I agree with Kari’s analysis. Sounds like Marssonina. Bring or send some up if 
you’d like.


Daniel R. Cooley, Professor of Plant Pathology
Stockbridge School of Agriculture                 
418 Paige Lab
161 Holdsworth Way
University of Massachusetts, Amherst, MA 01003                          
Office Phone: 413-577-3803  |  Cell: 413-531-3383 

> On Oct 9, 2018, at 7:52 PM, David Kollas <kollasorchar...@gmail.com> wrote:
> Dan, Brian, Kari, Mo, and others:
>       Having read your comments and links, I looked more closely at my 
> symptoms.  I was wrong about its association with yellow delicious breeding.  
> I can find it in Macoun, Empire, and many others.  The symptom common to all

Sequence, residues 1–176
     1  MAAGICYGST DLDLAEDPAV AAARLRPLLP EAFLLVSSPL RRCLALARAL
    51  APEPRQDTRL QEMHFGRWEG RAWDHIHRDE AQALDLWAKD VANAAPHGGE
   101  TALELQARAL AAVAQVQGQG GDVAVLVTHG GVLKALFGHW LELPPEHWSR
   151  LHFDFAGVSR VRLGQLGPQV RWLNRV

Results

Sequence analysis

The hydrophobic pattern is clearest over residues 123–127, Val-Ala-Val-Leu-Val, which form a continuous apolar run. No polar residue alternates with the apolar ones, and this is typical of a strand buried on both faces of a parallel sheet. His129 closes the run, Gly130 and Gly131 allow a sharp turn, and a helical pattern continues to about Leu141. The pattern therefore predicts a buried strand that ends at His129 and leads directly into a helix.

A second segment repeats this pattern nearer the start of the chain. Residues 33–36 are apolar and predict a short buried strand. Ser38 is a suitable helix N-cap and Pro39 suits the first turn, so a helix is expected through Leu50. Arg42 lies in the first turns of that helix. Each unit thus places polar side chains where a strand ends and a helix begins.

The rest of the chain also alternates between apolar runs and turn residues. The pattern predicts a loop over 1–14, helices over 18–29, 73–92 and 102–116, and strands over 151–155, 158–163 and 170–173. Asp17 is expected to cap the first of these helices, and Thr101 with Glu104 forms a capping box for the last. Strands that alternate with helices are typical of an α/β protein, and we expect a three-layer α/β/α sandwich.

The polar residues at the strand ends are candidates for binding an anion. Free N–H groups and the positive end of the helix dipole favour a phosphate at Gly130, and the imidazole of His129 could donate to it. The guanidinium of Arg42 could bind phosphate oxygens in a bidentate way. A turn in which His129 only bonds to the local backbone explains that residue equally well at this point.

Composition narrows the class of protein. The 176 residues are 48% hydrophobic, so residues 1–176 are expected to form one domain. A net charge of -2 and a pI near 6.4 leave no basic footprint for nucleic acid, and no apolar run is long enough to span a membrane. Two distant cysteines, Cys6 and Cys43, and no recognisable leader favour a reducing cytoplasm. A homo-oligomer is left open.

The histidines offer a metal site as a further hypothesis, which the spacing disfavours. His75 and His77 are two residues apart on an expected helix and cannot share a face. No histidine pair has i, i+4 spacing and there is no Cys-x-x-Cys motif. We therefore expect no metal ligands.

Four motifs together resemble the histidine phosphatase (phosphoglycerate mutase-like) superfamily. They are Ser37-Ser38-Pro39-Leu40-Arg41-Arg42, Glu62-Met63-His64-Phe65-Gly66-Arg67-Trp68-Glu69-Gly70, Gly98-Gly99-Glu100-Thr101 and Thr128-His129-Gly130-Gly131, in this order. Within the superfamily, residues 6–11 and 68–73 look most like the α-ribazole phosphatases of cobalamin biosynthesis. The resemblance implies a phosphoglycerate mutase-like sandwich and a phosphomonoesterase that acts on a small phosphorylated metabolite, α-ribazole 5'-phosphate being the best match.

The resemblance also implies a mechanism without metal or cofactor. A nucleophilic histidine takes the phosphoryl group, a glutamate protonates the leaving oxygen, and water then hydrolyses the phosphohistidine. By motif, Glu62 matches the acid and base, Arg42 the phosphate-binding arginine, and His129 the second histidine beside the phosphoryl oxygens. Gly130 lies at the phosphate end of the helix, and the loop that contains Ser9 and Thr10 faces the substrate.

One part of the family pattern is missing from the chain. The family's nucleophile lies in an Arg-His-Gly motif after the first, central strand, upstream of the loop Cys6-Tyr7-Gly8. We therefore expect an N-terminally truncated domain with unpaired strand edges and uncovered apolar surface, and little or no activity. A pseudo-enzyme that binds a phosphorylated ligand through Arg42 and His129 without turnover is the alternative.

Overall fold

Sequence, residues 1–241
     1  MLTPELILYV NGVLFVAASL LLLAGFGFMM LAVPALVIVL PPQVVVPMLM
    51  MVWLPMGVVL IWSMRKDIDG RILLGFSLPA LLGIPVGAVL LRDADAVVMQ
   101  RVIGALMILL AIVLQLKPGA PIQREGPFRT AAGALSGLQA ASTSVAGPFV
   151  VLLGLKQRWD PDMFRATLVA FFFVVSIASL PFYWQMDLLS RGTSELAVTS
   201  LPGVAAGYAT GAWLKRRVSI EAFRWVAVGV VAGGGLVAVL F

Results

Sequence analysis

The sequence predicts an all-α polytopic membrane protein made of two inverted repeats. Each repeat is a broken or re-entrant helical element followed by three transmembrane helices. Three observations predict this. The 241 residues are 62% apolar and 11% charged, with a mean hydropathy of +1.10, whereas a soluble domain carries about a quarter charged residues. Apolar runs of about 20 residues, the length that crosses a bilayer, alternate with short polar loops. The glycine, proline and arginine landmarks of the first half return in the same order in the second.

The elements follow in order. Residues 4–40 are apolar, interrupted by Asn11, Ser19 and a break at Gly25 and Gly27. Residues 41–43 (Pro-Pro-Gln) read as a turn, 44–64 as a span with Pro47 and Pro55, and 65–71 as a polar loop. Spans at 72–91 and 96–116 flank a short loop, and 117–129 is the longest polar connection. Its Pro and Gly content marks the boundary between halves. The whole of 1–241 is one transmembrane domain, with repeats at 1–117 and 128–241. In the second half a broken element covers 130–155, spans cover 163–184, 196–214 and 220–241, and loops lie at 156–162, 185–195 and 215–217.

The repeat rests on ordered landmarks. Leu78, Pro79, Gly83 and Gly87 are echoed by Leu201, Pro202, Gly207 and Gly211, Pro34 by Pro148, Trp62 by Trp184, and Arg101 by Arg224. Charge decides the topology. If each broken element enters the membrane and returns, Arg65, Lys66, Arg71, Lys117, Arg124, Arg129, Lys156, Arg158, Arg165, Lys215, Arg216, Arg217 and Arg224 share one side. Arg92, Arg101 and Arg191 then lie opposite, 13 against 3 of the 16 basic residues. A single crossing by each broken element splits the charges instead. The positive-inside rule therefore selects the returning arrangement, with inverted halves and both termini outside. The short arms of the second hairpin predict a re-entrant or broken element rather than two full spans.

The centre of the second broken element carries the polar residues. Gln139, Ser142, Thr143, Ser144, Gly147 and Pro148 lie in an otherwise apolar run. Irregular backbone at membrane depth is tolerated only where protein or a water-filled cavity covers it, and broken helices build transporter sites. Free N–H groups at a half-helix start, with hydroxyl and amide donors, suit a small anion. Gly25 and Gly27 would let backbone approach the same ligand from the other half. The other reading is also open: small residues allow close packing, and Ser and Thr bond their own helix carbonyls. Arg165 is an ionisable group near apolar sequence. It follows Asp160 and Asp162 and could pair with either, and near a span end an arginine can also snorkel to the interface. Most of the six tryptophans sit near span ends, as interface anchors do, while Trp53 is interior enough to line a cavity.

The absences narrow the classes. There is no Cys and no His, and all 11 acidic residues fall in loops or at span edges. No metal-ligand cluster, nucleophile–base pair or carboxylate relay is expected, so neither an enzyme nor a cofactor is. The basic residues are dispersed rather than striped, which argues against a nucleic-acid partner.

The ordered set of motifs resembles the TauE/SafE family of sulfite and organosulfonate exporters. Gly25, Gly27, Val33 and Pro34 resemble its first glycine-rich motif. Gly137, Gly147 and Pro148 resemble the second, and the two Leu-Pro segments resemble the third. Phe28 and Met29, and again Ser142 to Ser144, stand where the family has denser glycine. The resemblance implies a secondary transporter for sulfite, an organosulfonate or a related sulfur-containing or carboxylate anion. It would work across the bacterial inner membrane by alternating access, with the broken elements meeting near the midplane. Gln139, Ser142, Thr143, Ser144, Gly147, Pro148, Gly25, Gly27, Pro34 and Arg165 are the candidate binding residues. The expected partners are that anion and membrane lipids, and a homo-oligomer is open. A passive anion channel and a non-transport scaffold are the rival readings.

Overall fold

> that I looked at with magnifying
> glass was scattered dark blackish raised dots in the live or dead “spot” that 
> often retains its green color after surrounding areas have
> yellowed. I did not find any affected leaves that exhibited the concentric 
> bands noted in the 2012 blog, with click-enlarging photograph, by Dave 
> Rosenberger on Glomerella leaf spot.  Therefore I conclude it is not 
> Glomerella infection.  If it is Marssonina leaf spot, I would
> not expect it to have survived all the captan sprays I have administered. 
> Sooty Blotch and Flyspeck, in spite of all the favorable
> conditions for those diseases, are rare here at this time.  I suppose it 
> could have a physiological cause that made areas of the leaves
> susceptible to opportunist fungi, and some petri dish work in a lab might 
> isolate and identify those raised black dots. It is discouraging
> to loose the leaves before harvest, not knowing why, nor what could have been 
> done to avoid it,
> David Kollas
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